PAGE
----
The purchasing power of a dollar will be less in one year than it is today. For example, if the rate of inflation is three percent, in one year, one dollar will only be worth 97 cents. In 12 months, you’ll pay one dollar to buy an item that costs 97 cents today.

Lost return on investment

When spending money to fund your project today, you will lose potential income from interest if you were to invest the money instead.

Discount Rate, Net Present Value, and Sensitivity Analysis. 

The discount rate represents the future value of today’s currency weighing the effects of inflation and the lost return on investment. You should also factor Net Present Value to determine the immediate costs and revenue. It is also vital to run a sensitivity analysis to consider the risks and uncertainties in your projections. 

Question your framework 

Continue to question your structure as outlined in step one. What did you miss when creating the initial framework? When the costs exceed the benefits, consider what alternatives you haven’t examined. Also, you may be able to classify price reductions that will empower you to reach your goals more affordably while remaining effective. Show your plan to a colleague and invite them to point out flaws in your original structure. 

Present your idea to stakeholders

You can create a decision tree to determine your scenarios, weigh the projected outcomes, and present your findings to decision-makers in a way that’s simple to understand.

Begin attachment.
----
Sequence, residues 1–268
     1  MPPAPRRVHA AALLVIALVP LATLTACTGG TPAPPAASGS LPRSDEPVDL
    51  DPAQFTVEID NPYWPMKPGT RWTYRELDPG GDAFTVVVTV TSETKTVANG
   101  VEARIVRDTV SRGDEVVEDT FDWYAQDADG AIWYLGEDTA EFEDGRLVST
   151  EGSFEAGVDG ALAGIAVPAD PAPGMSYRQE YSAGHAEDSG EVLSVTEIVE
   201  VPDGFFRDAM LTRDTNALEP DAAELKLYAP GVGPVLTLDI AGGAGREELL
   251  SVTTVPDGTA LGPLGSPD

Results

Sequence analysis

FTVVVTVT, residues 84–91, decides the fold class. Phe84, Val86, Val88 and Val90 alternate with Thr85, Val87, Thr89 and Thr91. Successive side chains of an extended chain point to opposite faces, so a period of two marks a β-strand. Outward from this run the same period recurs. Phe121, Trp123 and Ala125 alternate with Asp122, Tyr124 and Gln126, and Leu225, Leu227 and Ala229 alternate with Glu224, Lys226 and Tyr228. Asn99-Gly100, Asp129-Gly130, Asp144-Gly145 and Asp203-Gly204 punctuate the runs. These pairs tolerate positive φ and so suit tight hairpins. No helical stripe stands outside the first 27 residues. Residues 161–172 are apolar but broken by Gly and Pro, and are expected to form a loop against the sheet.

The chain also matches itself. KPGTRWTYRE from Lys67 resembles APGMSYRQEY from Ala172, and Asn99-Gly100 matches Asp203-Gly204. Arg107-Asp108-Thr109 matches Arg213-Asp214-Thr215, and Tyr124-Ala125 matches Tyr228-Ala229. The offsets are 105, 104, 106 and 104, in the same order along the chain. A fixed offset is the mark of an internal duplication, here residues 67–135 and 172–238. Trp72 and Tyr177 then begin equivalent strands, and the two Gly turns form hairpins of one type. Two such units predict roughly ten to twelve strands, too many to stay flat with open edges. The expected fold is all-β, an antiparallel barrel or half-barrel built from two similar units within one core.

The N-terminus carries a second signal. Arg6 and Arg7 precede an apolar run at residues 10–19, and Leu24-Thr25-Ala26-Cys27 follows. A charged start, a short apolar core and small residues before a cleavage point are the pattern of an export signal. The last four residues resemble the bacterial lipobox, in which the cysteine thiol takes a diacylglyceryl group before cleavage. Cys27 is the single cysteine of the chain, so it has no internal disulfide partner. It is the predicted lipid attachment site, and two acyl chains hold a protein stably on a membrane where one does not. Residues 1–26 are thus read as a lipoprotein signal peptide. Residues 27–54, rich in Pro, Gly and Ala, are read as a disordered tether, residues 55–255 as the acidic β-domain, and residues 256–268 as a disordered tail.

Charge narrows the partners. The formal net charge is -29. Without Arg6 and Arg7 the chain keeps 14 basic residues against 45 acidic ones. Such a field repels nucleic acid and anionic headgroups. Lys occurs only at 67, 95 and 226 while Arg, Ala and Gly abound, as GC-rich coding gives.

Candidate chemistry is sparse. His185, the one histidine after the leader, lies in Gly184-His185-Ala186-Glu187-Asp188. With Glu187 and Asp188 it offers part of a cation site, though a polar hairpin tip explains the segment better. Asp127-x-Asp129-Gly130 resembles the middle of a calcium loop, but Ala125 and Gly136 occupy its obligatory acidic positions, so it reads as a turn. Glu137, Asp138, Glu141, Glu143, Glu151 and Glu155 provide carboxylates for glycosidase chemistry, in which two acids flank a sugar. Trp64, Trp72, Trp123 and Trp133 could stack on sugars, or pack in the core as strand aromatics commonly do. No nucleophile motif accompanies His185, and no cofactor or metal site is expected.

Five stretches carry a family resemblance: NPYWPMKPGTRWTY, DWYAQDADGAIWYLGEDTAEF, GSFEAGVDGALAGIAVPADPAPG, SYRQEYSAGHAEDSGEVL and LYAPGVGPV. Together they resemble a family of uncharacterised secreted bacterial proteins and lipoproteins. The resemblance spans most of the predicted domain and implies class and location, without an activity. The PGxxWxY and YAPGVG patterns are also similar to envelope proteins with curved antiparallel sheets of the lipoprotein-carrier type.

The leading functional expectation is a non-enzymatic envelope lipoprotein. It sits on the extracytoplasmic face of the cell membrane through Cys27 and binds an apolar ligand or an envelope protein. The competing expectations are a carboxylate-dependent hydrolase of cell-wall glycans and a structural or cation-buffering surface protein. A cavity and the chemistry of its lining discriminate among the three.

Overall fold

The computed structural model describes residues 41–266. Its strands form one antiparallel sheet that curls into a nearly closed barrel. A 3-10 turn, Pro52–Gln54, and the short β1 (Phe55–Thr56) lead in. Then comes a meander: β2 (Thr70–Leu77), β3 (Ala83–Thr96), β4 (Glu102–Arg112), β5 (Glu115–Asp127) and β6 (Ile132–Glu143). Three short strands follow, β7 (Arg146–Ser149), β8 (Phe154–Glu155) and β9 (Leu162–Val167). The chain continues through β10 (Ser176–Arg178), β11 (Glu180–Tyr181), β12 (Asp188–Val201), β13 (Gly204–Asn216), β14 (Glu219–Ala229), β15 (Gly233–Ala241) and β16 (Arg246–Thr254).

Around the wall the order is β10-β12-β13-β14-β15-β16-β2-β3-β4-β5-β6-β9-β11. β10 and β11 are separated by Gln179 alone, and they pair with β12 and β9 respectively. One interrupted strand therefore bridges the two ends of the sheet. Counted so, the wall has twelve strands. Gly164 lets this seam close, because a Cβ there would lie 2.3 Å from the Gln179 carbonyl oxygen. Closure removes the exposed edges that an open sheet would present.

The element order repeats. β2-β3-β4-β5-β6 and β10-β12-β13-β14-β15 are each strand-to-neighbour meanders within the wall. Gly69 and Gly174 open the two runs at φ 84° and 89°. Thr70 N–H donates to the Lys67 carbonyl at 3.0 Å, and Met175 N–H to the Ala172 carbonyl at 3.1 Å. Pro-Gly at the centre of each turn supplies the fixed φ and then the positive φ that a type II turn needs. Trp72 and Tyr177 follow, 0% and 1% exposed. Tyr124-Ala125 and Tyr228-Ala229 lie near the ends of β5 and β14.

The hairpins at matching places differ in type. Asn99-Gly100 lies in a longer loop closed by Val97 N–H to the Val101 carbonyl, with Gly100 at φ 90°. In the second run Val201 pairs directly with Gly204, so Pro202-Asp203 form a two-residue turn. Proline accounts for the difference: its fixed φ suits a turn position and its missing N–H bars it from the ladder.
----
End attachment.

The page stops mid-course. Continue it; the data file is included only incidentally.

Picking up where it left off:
Pros and cons of cost-benefit analysis

Like the cost-benefit analysis itself, there are advantages and disadvantages to this approach.

Advantages of Cost-Benefit Analysis

  • It makes decisions simpler: Decisions in business are often complicated. By interpreting a choice of benefits versus costs, the analysis is not complex.
  • It is data-driven: This method removes opinions and personal bias. It is an evidence-based evaluation of your choices. So it encourages your organization to make logical decisions.
  • It can uncover hidden benefits and costs: This method requires you to outline all possible benefits and costs connected to the project. This should help you reveal less-than-obvious portions, like intangible and indirect costs.

Limitations of Cost-Benefit Analysis

  • It’s only as good as the data used to complete it: If you have incomplete data, the results of the study will also be inaccurate.
  • It’s difficult to predict all variables: It is difficult to anticipate every circumstance that may impact your project. There may be long-term changes in material costs and market demand, for example. 
  • It removes the human element: Some things are more important than money. While a business must make revenue, this analysis does not account for the human perspective of the business decision. The greatest monetary benefit is not always an indication that the option is the best choice. 
  • It’s best for short-term and mid-length plans: If the goal is for the long term, it is difficult to make accurate predictions. Over time, costs and benefits may vary based on the market and changes to consumer preferences. So for projects that include longer timeframes, a cost-benefit analysis can miss the mark. Use this method for projects that will take months instead of years. For longer-term decisions, use a method like the internal rate of return

Cost-benefit analysis is a systematic approach that we can use to analyze the risks and rewards of a project so we can choose the best solution. In the end, this analysis isn’t the only strategy that you should use to determine whether to select a course of action in your business. But it is a simple way to make a decision based on logic.